Internal vs. External
- A link can be an external link, which sends you to some other website. For example, the link in this sentence which sends you to SERP App, our SEO management tool.
- A link can also be an internal link, which sends you to a different webpage on the same website, like this link which sends you to our homepage.
- The clickable part of a link is called anchor text, and it gives people (and search engines) a bit of context/information about where they are about to go if they click the link.
Dofollow vs. Nofollow
- A link can be dofollow, which means that search engines will crawl the link and transfer power from one website to another. These are the links you normally want to get if possible.
- A link can be nofollow, which means that search engines won’t crawl the link and you will not get any power coming to your website. If you can get a nofollow link from a very relevant website it is still good to acquire, but it will not help you out nearly as much as a dofollow link.
Built vs. Earned
- A link can be a “built link” which means that you can personally go out and build it whenever you link. An example of this would be posting a tweet with a link to your newest blog article or created a Facebook business page that has a link to your business website in the profile area.
- A link can also be an “earned link” which means that you acquired a link that you cannot build at your own will. An example of this would be another website you don’t have editor access to (like Forbes, New York Times, or even a small blogger in your niche) that puts a link to your website somewhere in their content.
Natural vs. Outreached
- A link is considered a “natural link” (or natural earned link) if another website links to your website and you never even had to ask. Maybe they just came across your content on their own, liked what they saw, and decided to add a link to your website. Happens all the time.
- A link can also be acquired by using “outreach”. This means you find a website you want a link from, contact the author of the post or the owner of the website, and ask them to include a link to your website.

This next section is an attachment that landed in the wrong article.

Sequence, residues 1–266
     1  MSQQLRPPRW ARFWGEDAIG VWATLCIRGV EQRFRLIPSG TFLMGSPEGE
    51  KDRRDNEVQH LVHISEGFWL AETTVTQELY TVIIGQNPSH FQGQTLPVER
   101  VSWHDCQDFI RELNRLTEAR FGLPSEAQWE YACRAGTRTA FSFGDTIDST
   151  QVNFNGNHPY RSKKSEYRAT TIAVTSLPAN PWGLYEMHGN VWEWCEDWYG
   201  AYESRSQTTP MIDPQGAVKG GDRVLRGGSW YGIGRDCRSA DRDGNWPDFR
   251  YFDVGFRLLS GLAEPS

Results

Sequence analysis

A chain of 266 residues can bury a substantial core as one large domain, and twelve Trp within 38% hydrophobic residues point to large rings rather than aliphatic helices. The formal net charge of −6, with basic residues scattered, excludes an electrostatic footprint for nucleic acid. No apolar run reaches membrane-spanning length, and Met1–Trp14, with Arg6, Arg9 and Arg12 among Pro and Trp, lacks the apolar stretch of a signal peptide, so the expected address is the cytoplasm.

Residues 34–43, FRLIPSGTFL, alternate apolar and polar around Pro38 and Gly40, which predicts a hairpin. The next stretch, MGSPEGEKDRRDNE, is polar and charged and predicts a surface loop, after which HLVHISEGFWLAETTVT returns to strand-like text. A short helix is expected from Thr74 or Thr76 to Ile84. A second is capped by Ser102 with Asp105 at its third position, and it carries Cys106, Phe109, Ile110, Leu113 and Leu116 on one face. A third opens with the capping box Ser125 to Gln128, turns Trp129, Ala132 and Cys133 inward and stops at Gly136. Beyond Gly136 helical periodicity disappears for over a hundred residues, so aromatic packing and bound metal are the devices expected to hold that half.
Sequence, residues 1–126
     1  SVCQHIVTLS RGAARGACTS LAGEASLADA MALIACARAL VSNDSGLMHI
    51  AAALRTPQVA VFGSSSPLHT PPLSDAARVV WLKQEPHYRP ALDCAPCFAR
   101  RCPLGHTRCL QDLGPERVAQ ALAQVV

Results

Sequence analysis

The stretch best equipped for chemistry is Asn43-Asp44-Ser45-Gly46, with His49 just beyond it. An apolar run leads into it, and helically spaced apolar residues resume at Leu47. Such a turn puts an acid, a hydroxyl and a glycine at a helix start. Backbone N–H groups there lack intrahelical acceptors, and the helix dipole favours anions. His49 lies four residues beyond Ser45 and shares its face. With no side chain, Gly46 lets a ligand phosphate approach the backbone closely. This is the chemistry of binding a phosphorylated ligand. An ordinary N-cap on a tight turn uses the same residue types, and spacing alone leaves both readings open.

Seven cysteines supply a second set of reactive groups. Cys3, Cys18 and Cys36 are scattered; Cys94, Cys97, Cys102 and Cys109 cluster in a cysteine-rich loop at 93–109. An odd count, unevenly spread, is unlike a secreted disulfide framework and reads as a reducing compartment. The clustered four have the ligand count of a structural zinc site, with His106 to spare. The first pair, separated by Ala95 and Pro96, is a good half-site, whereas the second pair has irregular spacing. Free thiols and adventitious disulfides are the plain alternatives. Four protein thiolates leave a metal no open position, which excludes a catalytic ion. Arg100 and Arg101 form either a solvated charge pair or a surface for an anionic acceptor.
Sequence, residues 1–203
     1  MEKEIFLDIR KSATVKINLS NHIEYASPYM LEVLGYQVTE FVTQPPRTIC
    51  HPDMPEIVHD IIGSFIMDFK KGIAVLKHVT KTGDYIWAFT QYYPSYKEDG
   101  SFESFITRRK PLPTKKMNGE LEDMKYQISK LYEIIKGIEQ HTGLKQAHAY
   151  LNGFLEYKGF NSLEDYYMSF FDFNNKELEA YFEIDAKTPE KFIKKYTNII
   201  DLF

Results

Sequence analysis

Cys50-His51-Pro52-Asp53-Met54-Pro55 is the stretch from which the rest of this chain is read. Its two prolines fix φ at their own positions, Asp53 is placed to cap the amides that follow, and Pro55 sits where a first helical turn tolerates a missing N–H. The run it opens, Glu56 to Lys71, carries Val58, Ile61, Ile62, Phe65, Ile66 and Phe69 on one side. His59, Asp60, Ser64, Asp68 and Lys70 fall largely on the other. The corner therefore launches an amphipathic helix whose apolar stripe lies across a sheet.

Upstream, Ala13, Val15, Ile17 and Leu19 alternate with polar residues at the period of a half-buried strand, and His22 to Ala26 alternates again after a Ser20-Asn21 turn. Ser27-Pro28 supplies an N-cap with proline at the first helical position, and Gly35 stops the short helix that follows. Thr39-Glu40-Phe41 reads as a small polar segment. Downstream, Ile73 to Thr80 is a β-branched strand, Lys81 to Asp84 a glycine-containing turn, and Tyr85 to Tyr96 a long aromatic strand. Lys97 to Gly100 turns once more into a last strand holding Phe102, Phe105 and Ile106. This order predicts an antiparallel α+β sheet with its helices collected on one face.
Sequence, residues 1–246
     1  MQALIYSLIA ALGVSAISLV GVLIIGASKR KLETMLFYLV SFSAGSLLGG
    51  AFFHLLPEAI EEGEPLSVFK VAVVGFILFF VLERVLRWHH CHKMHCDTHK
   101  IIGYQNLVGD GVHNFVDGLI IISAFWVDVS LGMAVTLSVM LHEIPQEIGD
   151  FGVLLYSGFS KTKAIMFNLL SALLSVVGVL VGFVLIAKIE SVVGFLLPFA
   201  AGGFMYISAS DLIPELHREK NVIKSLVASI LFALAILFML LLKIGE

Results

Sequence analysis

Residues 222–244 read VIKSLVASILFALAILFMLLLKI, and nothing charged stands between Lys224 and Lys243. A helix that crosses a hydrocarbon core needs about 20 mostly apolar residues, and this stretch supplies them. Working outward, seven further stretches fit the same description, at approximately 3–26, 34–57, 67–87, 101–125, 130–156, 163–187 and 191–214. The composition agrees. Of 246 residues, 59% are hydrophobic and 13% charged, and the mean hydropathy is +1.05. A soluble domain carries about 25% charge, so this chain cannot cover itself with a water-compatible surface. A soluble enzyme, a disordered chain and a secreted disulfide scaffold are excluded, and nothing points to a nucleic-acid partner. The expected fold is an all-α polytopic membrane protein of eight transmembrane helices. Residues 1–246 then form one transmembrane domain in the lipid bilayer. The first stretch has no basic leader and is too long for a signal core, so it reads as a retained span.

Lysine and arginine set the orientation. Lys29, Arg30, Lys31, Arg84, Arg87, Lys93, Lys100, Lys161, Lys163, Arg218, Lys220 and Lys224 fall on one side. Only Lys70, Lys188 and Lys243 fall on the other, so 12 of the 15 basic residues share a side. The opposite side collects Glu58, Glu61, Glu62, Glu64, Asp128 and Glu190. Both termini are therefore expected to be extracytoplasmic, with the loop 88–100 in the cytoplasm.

Link Building Campaigns
Now that you know the fundamentals of link building, and why it is important to build links it’s time to talk about how to create a link building campaign that will grow the organic traffic to your website.
Link building campaigns can be very complex, so it is our goal to give you all the tools you need to simplify it & succeed.
You will want to have 2 primary types of link building campaigns:
- A campaign to acquire “built links”
- A campaign to acquire “earned links”
Built Links Campaign
This is really less of a “campaign” by the definition of the word and more of just a process you want to follow.
A campaign is defined as “work in an organized and active way toward a particular goal, typically a political or social one.”
Colloquially when we talk about a link building campaign we are normally referring to outreach & earned links.
But, this should really be done after the foundational stuff has been started so let’s go through the basics of “built links”.
But essentially you want to start by:
- Create all the normal social profiles for your business
- Claim your business on various business directories
- Engage in conversations with people online (forums, blog post comments, social communities, etc.)